The limericks are coming along, and it’s time to take a breath or two. I hit the magic number of 144 last night, so now have the ‘Gross of Limericks’ I had targeted for the little book collection. Actually, that sounds horrible, ‘a gross’ of anything. Maybe a ‘dozen dozen’ would be better!
Taking a quick look back at the earlier ones, I can see there is much work to be done to them before they see the light of day. Also, some of them are simply a little too rude to publish unless I make it an adult book, and I don’t want it to be that. So the bottom line is that there are still more to write to make up for those that will feel the pain of my red pen!
I’m not sure whether this is a good thing, but I began to wonder about including some themed limericks, ones which run on from one to the next. Actually I did write a set of four about a witch who had used up all of her spells, and it seemed to work quite well.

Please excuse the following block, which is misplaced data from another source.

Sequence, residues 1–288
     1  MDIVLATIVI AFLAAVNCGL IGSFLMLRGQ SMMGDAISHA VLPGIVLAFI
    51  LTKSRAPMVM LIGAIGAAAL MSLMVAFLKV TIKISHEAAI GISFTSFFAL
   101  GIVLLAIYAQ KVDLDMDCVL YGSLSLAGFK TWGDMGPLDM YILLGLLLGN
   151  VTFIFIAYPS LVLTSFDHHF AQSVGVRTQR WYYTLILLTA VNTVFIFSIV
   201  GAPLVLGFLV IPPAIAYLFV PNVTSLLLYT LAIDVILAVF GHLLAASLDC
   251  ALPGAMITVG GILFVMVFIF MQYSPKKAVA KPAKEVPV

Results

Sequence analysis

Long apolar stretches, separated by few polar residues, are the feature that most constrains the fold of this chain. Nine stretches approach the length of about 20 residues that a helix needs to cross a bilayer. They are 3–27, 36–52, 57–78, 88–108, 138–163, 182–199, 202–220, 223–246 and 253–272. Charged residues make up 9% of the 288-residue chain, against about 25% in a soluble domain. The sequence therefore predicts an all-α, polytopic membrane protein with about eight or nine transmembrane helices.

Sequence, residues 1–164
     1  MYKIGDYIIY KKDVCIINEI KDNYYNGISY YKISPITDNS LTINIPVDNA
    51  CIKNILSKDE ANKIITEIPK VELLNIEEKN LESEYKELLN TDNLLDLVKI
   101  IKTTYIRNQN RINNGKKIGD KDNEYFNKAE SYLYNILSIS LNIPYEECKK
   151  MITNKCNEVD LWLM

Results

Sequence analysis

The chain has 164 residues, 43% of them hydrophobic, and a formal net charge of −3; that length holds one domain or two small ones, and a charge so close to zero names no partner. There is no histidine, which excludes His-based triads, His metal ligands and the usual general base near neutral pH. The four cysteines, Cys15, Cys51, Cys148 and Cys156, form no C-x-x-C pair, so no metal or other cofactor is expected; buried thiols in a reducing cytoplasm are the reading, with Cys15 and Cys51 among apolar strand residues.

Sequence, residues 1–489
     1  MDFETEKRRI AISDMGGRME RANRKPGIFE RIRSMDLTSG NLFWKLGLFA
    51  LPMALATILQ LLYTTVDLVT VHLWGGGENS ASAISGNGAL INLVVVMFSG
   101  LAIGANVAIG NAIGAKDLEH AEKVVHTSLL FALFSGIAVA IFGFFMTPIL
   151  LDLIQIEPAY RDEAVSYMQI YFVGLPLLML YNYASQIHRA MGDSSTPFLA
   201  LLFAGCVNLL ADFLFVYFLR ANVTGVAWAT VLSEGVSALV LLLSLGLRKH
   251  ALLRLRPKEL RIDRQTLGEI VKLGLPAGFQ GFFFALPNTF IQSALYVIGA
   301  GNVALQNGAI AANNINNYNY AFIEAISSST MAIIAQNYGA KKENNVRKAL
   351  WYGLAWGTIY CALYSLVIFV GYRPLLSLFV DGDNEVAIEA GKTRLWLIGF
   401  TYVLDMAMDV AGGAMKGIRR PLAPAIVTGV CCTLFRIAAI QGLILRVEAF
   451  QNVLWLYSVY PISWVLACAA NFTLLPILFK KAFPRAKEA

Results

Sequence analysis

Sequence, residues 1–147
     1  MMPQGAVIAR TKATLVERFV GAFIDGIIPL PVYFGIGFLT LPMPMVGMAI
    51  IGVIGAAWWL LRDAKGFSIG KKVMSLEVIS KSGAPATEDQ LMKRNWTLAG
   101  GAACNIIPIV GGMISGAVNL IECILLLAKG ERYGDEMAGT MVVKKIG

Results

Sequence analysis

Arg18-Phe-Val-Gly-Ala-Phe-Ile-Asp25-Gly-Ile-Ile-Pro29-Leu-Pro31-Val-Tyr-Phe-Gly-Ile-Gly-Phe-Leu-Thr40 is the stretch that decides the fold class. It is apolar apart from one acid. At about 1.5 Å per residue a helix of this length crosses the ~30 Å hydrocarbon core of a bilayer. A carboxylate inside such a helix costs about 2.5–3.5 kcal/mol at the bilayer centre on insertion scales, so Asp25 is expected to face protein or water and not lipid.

A witch from the city of Wells
One day found she had run out of spells
Feeling down in the doldrums
She checked all her cauldrons
And one had the evilest of smells…
I won’t share the next three ‘verses’ otherwise it’ll spoil the surprise. Maybe I’ll try a couple more themed sets and see what comes out!
So, what next? First create an index of professions, names and places used for the limericks to check there are as few repeats as possible. It should be possible to make some simple changes to remedy that. Then check that each one rhymes and scans well. This is probably more important for a limerick than for a ‘normal’ poem, where inconsistent rhythm can more easily be tolerated. At the same time I can throw out the ones too ‘near the mark’, and any that don’t quite hit the spot. A limerick doesn’t necessarily have to be funny, of course, but it surely has to amuse. Finally I will need to write a few more to make the number back up to 144.
And in the meantime, what about the book cover? Oh well, can’t do everything at once!
Want one final taster?
A conjuror from Devon named Rick
Had a brilliant idea for a trick
He would take a cream tea
Wave his wand and count three
And turn the scone into a chick.